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120-Year-Old Kentucky Confederate Statue To Be Removed

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A Confederate monument in Louisville, Kentucky, will be removed after it stood in the same place since 1895. 

The 70-foot monument, which honors Kentuckians who died for the Confederacy during the Civil War, will be moved to another location. 

“It's time for us to move this monument to a more appropriate place,” University of Louisville President James Ramsey said during an announcement, The Associated Press reported. The monument is currently on the university campus.

Ramsey joined Louisville Mayor Greg Fischer to make the announcement on April 29, which came less than two weeks after Ricky L. Jones, professor of pan-African studies at the university, wrote an opinion article in the Courier-Journal calling for the monument to come down.

“I recognize that some people say this monument should stay here because it is part of history, but I also appreciate that we can make our own history,” Fischer said. at the announcement.

Jones said he was happy with the decision to move it, regardless of what might have motivated it.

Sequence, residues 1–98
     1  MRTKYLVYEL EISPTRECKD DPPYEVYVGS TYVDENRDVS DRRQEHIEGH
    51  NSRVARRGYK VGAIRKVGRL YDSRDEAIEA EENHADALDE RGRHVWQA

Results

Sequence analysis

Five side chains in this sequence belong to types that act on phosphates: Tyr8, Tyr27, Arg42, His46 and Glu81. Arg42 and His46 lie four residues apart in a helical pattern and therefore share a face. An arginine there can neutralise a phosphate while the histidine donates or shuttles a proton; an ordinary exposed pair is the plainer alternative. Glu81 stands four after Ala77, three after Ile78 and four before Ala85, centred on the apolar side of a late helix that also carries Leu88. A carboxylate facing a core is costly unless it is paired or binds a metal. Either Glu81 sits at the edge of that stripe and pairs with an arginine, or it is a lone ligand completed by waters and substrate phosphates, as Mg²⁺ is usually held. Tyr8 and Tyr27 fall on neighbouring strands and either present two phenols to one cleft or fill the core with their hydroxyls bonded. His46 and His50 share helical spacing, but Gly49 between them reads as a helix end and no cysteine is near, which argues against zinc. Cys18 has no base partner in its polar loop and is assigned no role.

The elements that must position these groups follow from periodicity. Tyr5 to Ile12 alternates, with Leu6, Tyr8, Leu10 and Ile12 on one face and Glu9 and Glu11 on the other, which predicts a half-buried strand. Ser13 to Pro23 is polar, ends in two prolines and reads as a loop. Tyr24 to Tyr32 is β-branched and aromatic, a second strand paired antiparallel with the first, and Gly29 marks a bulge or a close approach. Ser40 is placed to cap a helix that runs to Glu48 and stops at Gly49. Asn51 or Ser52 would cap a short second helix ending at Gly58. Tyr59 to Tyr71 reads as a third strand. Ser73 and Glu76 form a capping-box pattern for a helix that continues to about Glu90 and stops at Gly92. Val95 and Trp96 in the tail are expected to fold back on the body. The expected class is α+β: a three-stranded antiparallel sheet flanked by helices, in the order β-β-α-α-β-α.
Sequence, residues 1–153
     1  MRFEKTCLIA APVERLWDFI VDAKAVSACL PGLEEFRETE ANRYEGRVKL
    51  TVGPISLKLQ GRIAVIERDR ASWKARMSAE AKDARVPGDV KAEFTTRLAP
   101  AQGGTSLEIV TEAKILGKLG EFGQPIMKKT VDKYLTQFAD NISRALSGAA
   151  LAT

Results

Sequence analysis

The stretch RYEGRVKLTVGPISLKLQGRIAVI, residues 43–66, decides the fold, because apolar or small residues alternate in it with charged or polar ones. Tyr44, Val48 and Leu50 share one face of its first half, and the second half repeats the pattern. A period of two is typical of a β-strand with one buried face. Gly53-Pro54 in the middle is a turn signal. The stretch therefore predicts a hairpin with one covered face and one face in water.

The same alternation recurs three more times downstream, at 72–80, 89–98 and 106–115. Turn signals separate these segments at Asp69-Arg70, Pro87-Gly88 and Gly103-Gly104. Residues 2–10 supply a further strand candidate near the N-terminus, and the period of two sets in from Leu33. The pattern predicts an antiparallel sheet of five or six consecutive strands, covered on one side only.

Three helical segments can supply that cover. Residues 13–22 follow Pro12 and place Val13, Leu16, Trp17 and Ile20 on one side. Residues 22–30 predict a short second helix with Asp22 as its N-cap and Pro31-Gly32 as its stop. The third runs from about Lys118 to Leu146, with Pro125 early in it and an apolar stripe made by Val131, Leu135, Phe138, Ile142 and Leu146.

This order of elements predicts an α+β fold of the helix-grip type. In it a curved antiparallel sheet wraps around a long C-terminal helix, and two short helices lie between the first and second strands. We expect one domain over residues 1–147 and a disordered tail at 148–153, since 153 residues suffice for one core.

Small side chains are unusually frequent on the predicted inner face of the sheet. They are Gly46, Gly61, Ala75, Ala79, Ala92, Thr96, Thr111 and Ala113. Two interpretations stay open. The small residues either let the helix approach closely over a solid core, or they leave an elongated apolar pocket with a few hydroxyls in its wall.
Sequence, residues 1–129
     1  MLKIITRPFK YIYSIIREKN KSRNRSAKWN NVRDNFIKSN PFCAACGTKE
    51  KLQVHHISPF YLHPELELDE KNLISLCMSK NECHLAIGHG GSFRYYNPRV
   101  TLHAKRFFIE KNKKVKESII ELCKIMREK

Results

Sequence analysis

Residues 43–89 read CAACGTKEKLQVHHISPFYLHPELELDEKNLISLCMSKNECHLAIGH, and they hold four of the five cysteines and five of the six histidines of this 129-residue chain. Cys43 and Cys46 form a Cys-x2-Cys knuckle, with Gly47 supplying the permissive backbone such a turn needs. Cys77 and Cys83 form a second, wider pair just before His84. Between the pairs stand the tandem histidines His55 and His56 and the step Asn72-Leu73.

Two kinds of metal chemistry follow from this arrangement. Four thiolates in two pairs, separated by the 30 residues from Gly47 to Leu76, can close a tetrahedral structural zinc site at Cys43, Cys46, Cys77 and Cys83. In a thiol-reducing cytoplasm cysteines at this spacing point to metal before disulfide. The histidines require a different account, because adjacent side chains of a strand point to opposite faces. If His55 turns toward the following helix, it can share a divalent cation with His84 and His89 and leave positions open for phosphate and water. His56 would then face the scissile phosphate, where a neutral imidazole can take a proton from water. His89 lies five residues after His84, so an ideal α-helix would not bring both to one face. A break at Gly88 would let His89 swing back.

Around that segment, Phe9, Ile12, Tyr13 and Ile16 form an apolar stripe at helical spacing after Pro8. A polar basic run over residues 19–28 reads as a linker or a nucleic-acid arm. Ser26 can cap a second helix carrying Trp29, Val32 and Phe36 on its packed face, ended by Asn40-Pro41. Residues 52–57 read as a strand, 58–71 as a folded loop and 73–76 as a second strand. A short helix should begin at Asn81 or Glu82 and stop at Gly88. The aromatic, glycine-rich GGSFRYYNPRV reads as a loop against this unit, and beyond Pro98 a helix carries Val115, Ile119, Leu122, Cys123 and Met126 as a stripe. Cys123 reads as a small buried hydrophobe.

“Let's see the Confederacy for what it is, not some lost cause, it was a war about slavery,” he told the Courier-Journal. “And that is fundamentally inhumane, so if that's a part of Kentucky history, place it in a part of Kentucky where people still have those beliefs."

The monument will reportedly be held in storage until a new location is chosen. The statue’s removal will precede the introduction of a new lane that will improve traffic and allow access to a museum nearby.

“It is a part of history, but I get what people say they don't agree with it because it represents a time when African-Americans were oppressed,” local high school senior Reagan Roy said. “I never looked twice at it, actually. Now that I know everything about it, I agree with it being removed."

“I can't tell you how happy I am,” Jones told AP. “I think this statue being on the campus is somewhat akin to flying the Confederate flag over the [university's] administration building."

Sources: AP, Courier-Journal / Photo credit: Courier-Journal 

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